For John Harrison, the surgery he underwent in order to repair his rotary cuff on his right shoulder was anything but routine. It was 2009, and Harrison was 63. The complications were not immediate, but in the weeks that followed the surgery Harrison became worried about the condition of his new scar. Hot to the touch and beaming in bright red color, the scar began excreting what was referred to as a substance that resembled “butter squeezed from a bag.”
After being advised by the staff of Methodist Hospital of Houston, Texas, to return to the hospital immediately, Harrison and his wife headed back to the hospital where he underwent the initial surgery. His shoulder, it turned out, had become severely infected with parts of his shoulder bone eaten away, and the metal devices implanted during the surgery had been pulled loose. And it did not end there–today, Harrison still has trouble doing simple tasks like raising his arm and getting dressed.
Harrison was not alone either, but rather among several other patients who experienced similar post-surgery complications from the same hospital. Based on this outbreak, the Methodist Hospital was forced to call off knee and shoulder surgeries and close down operating rooms when the Centers for Disease Control and Prevention (CDC) intervened in order to launch an investigation. Through their efforts, the agency was able to trace the problem to arthroscopic shavers used in surgeries like that which Harrison had went through.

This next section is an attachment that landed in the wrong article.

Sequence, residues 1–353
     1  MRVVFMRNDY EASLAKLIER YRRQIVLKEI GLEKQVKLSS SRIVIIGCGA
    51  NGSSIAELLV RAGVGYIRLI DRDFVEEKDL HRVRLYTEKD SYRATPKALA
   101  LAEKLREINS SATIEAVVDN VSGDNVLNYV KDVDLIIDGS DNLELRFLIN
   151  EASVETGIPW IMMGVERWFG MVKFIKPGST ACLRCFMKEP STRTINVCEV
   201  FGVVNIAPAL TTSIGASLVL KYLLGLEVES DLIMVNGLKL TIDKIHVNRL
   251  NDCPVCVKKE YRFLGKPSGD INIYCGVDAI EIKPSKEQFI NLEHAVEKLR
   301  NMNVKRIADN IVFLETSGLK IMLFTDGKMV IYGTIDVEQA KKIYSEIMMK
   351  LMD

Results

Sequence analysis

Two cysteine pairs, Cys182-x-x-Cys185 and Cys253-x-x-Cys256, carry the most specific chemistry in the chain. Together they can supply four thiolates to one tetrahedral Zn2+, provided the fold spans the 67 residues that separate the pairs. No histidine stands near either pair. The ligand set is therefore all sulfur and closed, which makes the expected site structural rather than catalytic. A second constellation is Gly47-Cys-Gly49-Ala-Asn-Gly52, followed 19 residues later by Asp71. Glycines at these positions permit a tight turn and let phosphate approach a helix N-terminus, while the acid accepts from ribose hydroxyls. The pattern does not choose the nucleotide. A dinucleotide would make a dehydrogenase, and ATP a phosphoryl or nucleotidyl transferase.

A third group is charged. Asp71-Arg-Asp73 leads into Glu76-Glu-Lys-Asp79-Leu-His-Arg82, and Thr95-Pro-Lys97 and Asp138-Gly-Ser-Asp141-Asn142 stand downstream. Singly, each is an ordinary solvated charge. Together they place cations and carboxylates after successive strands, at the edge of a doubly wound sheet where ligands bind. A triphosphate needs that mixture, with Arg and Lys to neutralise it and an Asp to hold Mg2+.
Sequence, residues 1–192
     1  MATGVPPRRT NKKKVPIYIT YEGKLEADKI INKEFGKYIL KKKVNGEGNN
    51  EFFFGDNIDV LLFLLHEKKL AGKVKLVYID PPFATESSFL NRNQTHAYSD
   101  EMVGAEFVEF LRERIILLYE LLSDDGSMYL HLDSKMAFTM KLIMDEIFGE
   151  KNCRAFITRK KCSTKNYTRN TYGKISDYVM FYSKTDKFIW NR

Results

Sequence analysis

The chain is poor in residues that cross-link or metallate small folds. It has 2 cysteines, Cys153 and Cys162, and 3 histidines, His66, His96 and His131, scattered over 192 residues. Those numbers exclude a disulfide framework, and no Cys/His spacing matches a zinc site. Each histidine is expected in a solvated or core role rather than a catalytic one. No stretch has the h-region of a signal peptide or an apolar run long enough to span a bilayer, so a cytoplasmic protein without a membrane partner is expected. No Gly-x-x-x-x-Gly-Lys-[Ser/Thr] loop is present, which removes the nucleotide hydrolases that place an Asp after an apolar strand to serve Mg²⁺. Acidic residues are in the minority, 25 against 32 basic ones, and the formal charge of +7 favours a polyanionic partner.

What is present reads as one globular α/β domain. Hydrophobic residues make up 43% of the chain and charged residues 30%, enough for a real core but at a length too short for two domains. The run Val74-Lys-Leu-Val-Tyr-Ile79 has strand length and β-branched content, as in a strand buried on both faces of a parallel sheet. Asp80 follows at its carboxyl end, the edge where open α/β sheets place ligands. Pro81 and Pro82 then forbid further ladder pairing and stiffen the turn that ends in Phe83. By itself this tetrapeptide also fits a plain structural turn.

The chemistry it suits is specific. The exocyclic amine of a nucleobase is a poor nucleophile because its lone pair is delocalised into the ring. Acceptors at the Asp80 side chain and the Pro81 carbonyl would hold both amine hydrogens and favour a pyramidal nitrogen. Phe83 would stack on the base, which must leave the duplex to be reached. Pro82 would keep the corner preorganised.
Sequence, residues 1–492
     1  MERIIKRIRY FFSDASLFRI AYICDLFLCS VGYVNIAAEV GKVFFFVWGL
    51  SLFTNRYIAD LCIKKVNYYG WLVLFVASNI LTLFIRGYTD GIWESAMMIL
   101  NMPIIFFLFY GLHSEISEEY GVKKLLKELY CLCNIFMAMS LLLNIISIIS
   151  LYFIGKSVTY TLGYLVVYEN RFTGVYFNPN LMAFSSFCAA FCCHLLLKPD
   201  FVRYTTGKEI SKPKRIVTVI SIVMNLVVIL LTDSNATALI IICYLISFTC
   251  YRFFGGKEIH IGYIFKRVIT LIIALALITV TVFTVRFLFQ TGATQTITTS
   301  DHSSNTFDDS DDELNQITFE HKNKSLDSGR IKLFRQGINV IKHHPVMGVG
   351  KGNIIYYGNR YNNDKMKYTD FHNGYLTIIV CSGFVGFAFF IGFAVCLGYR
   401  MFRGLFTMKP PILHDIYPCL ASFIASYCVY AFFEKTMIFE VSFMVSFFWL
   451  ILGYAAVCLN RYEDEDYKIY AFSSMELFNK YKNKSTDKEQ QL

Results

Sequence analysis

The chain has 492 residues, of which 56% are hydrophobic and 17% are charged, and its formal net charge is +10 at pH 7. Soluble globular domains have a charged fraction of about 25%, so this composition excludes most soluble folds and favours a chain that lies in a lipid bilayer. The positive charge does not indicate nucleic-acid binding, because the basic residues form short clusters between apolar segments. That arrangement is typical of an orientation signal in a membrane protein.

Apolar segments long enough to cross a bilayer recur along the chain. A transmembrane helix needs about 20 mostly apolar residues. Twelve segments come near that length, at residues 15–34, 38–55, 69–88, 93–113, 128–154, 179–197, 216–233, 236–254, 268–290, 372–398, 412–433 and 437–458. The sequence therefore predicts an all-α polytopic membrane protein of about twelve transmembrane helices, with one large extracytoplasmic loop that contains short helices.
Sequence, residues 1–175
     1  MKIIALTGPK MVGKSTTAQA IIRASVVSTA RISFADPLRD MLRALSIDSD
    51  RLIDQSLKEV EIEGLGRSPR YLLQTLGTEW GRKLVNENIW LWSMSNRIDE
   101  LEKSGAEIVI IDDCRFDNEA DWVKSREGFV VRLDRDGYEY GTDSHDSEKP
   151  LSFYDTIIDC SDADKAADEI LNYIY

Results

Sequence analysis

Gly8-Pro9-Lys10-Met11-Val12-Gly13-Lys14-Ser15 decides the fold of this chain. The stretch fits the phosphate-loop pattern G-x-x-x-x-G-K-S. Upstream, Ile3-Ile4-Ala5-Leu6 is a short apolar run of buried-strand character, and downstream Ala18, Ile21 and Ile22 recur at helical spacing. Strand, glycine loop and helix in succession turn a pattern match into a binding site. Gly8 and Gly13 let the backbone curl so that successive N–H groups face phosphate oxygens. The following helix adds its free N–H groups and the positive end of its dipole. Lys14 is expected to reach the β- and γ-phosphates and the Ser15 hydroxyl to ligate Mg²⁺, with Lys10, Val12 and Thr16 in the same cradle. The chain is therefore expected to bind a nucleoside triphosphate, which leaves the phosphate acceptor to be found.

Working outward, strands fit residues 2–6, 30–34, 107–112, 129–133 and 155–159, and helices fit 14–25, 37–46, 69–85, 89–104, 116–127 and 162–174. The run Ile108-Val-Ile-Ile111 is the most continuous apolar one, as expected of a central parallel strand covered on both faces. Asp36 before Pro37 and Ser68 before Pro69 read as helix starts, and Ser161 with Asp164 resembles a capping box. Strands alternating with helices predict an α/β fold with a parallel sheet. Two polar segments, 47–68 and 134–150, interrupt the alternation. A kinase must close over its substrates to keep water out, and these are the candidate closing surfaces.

On closer inspection of the device, it was discovered that remnants of bone, blood, and flesh had not been properly washed away in the sterilizing process and was directly responsible for Harrison’s and the other’s ailments. While Harrison pursues a lawsuit against Stryker, the manufacturer of the device (for providing inadequate cleansing instructions to hospital employees), this issue is hardly confined to this one hospital. Instead, the problem of dirty surgical instruments extends much further across the country; and is now shedding a light on gaps in training processes at hospitals nationwide. The issue may stem from the pressure to deliver clean tools to the operating room quickly; or the fact that the low wage position has a high turn-over rate. Inefficient cleaning instructions may be yet another concern.
Mary Olivera, former president of the New York State Association of Central Service Professionals and current director of sterilization at a New York City medical facility, believes it comes down to job preparedness. When it comes to those tasked with cleaning up medical equipment and leaving them ready for future use, there is no defined training. “The people who do your nails, they have to take an infection control course before they can apply for a license,” explains Olivera. “Same with a dog groomer. Yet the people who deal with lifesaving equipment, they are required to have zero education.”
In order to ensure that all aspects of a surgery and its recovery process are safe, devices used during the procedure need to be safe and clean from the very start. Workers must complete specific job training that would qualify them to handle and sterilize medical devices before each and every procedure. For more information, and a chance to put the pressure on government health officials to administer this change, sign the petition here.
Photo Credit: defense.gov/photos/newsphoto.aspx?newsphotoid=6415